Reclaim small spaces – edible landscaping between houses

Often, we have quite a bit of space available on the sides of houses – space occupied by unsightly bulging appliances, window wells, utility meters, and seeded with dying grass. I see a great opportunity to convert these unused areas into bountiful growing space.

Last year, as an experiment, I have dug out a small patch on the mostly shady part of the house. The going was tough, since our soil is a very shallow layer of clay and rocks. It felt like I was working ground in Ireland, extracting lots of rocks to make the soil to be of any use and piling them up into a rock border around the dug out patch. I added some good soil we brought in for the herb spiral and planted some lettuce there.

In a month or so, with minimum maintenance, we had four lettuce plants, supplying us with salad greens. I considered it a successful test of this planting area.

This year, I’ve decided to maximize the growing potential of this strip of land, and after discussing it with Gavin from Edible Landscaping Ottawa, we’ve decided to put in two raised beds filled with good soil and compost. After working on my front yard during a hot day, Gavin noted that the space closest to the front of the house was getting at least 6 hours of sun, making it a good location to plant not just greens but sun-loving vegetables. Thus the following plan was born (click to enlarge):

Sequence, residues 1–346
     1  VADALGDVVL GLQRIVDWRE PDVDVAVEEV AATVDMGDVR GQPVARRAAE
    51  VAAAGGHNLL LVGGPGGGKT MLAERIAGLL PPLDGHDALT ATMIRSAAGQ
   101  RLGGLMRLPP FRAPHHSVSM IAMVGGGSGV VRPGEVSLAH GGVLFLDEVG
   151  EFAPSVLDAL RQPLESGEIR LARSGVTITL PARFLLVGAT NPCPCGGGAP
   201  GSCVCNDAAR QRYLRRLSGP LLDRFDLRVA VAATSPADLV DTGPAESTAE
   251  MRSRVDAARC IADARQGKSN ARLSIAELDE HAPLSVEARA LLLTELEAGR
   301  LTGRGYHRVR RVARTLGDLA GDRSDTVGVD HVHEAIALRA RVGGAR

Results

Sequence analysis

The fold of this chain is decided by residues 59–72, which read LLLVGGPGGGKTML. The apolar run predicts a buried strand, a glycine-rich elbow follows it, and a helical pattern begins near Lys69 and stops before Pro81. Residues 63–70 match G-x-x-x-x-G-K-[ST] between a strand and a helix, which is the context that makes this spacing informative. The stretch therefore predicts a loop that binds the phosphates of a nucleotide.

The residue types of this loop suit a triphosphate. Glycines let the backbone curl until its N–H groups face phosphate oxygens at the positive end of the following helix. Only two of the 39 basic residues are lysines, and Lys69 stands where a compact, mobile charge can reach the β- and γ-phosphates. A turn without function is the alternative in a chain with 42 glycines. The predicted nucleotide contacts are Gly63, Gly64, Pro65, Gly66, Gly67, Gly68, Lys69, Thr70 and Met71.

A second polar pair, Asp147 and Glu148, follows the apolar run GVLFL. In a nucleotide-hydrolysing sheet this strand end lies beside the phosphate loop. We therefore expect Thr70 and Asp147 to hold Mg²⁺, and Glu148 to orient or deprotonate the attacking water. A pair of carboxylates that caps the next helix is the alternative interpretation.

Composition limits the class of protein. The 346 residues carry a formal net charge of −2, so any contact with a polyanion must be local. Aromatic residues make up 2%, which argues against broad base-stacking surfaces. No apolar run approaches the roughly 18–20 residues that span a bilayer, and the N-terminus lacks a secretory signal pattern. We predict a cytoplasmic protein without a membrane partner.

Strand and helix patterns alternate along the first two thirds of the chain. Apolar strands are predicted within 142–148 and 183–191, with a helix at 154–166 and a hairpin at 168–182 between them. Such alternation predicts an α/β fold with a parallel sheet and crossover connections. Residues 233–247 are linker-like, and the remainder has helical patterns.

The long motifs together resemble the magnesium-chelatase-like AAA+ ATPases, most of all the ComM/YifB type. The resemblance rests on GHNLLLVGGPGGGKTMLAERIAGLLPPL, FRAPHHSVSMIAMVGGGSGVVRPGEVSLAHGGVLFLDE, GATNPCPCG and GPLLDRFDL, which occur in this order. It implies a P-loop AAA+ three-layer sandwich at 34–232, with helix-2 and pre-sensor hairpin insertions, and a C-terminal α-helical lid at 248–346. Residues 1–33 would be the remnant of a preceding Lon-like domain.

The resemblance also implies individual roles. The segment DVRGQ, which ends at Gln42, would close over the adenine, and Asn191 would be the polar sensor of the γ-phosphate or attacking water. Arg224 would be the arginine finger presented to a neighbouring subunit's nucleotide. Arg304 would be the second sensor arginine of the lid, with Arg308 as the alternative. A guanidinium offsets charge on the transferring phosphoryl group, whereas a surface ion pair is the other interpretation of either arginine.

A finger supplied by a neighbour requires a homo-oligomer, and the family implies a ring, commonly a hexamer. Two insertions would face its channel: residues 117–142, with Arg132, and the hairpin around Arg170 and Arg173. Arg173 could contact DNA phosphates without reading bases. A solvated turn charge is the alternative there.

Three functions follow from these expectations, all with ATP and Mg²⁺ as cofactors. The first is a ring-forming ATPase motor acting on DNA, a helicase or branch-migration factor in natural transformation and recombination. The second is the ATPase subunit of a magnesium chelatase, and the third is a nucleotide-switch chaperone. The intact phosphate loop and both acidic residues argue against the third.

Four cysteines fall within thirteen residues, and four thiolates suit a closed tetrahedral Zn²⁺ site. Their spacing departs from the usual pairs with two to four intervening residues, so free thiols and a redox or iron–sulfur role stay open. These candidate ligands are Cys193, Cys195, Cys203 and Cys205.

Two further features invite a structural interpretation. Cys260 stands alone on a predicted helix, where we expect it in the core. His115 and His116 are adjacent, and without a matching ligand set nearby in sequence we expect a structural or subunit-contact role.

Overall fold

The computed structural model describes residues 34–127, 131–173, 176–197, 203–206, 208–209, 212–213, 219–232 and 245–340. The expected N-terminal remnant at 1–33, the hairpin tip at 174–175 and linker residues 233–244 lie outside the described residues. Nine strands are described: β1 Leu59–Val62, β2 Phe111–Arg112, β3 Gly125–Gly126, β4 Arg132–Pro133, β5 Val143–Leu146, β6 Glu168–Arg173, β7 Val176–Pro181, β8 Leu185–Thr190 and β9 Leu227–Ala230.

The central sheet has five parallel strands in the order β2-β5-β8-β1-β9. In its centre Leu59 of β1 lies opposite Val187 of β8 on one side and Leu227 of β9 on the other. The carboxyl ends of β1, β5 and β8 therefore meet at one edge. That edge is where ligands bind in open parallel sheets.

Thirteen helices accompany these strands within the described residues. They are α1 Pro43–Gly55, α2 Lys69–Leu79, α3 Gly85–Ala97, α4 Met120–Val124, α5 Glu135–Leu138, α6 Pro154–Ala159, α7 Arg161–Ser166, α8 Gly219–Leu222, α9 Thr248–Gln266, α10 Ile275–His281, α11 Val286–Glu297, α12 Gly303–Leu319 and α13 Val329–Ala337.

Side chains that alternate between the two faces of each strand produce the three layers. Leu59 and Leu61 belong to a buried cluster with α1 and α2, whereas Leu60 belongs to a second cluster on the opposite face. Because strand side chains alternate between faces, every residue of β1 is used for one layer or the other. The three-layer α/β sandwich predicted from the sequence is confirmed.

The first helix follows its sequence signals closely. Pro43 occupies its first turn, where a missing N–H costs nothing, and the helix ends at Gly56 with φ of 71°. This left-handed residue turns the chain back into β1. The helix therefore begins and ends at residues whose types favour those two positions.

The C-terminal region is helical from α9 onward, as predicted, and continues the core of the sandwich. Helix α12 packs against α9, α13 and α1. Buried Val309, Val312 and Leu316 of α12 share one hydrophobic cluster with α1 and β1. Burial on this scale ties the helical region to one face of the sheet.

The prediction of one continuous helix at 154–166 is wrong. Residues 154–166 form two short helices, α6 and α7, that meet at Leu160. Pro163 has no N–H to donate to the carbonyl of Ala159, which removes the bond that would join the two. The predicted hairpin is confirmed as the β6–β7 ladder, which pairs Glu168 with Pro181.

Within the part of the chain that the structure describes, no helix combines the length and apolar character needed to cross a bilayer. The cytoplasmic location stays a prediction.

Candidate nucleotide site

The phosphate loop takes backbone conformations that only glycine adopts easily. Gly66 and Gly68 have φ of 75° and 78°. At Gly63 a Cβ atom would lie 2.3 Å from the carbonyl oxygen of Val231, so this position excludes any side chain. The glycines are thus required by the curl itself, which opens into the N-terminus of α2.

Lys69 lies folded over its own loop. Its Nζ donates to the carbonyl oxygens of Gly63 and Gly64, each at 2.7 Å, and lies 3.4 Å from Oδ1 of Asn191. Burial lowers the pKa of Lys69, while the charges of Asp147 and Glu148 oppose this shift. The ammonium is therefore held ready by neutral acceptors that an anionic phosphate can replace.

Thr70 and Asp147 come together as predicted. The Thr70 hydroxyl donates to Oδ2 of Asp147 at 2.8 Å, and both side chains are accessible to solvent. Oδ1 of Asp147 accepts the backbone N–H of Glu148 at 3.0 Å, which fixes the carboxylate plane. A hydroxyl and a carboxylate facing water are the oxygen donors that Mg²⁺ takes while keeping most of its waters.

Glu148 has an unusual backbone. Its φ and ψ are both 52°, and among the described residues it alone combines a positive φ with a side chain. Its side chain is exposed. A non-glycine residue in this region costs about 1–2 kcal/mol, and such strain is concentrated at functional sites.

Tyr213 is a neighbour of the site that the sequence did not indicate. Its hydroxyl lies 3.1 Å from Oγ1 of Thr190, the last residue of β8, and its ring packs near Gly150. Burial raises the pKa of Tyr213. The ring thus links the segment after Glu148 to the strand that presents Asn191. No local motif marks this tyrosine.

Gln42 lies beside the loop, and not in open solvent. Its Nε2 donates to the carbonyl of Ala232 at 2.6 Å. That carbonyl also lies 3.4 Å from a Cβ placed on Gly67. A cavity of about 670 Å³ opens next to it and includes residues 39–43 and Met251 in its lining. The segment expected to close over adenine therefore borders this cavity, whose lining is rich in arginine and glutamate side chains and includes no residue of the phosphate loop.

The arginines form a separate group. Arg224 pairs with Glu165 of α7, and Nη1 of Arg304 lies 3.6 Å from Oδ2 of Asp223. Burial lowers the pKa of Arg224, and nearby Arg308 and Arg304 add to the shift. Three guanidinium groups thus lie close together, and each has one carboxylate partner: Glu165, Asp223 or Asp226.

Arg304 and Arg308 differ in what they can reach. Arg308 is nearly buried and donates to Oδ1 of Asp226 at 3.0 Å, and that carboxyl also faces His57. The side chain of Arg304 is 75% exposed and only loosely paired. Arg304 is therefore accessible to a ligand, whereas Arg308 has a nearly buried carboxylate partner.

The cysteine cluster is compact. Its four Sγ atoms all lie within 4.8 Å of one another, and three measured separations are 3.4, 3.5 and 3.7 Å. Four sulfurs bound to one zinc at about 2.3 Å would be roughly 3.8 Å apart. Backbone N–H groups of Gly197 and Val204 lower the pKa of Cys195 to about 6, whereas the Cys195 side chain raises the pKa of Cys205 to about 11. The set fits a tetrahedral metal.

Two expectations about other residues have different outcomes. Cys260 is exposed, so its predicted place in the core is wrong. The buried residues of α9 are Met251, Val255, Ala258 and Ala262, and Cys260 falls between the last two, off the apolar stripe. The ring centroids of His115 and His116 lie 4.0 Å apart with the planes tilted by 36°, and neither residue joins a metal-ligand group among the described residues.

EastSideGarden

Since our most frequent mammal visitors in this area are rabbits, we’ve decided to add frames with wire on top of the raised beds, to prevent them from hopping on to enjoy the cabbage. The sides are locked with latches and can drop to provide easier access to the soil.

Here are the two beds right after planting cucumbers, tomatoes, eggplants and cabbages (radishes were not in yet):

Side box 1 1200 Side box 2 1200

And here are the beds about a month later, with cages for tomatoes and a small trellis for cucumbers. The first box is the one getting the most sun.

Side bed 1 1200

The tomato and the cucumber plant in the second box were not happy, so I’ve replaced them with two eggplant seedlings. The cabbages, beets and the radishes are growing well.

Side bed 2 1200

Another options is to use the smaller spaces for rain barrels – you can use the water to irrigate your garden. I have seen people having a staircase setup, where each rain barrel is lower than the one before. They also make beautiful ponds:

Water lily in rain barrel 1200

My other side of the house is in full shade, and I have planted raspberry bushes there:

Raspberries 1200

Raspberries 1200

Consider the spaces around your home that you are not using. If they are in the sun, you can plant herbs, scarlet runner beans, cabbage – all of these make for beautiful plants. If they are in shade or part-sun, think lettuce, kale, arugula, other greens. Reclaim small spaces to grow your own food.

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